Unlike most every other legal business out there, medical marijuana shops owners aren't allowed to take any deductions on their federal income taxes - leaving many facing federal tax rates of 50 percent or higher.
According to a CNN Money story earlier this week, the high tax rate is due to a 1982 change in federal tax laws known as 280E. It seems back in the 1980s some enterprising drug runner was able to successfully claim his guns, boats and money used in bribes as business expenses. In response to that, the IRS pushed a law saying that "drug trafficking organizations" can't deduct from their taxes.
Since the federal government considers state-legal medical marijuana operations as illegal drug trafficking, those dispensaries can't take any of the normal deductions - travel, equipment, etc. That leaves them with a bill nearly twice as high as a similar-sized, federally-legal business would have.
Denver Relief dispensary owner Kayvan Khalatbari tells CNN the high rate prevents him from giving his 15 staff members raises. He estimates that his shop does about $1 million annually in sales, but that he's sending as much as 50 percent of that back to state and federal governments. The story also quotes Colorado medical marijuana accountant Jim Marty who says he has a client that was hit with a $300,000 tax bill in 2012 despite not turning a profit from 2009 through 2011.
Denver Relief lobby.
In Colorado, dispensaries have been getting a double-dose of this tax treatment. Currently, a Colorado return relies on the federal taxable income; therefore it is illegal for owners of state-legal medical marijuana businesses to claim business deductions on state income taxes. There is currently legislation before the Colorado legislature - House Bill 1042 - that would allow medical marijuana dispensary owners to make deductions at the state level.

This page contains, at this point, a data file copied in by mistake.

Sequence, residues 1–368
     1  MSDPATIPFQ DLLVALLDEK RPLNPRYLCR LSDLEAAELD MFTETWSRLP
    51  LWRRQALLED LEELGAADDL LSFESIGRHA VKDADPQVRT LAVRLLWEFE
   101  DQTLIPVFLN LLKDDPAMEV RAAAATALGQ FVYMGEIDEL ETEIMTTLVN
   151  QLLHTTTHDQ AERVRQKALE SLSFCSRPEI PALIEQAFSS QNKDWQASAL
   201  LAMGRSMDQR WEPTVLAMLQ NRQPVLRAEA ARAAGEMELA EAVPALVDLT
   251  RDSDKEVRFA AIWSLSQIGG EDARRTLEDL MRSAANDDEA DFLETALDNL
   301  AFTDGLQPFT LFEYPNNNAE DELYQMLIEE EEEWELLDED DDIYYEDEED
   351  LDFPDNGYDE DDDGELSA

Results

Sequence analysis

The IRS has said they are merely following the law, and that congress would have to make any changes to federal tax codes. Past attempts, like 2011's Tax Equity Act which would have created a medical marijuana exemption, failed to get enough support. One group working to reform the law, 280E Reform, says it is a necessary step in legitimizing what is otherwise a legal and authorized industry in the 18 states (including Washington D.C.) that have authorized it's use.
"Should the IRS campaign be successful; it will throw millions of patients back in to the hands of street dealers; eliminate tens of thousands of well paying jobs, destroy hundreds of millions of dollars of tax revenue; enrich the criminal underground; and endanger the safety of communities in the 17 medical cannabis states," said Steve DeAngelo, high-profile Oakland dispensary owner and spokesman for the campaign.
A Time Business & Money article from last week ponders the same outcome: would higher taxes mean higher prices in shops, thus forcing patients back out to the black market? They point out that if a 50 percent tax were enacted at the federal level, it could triple the cost of cannabis for the consumer.
Durban Poison from Denver Relief.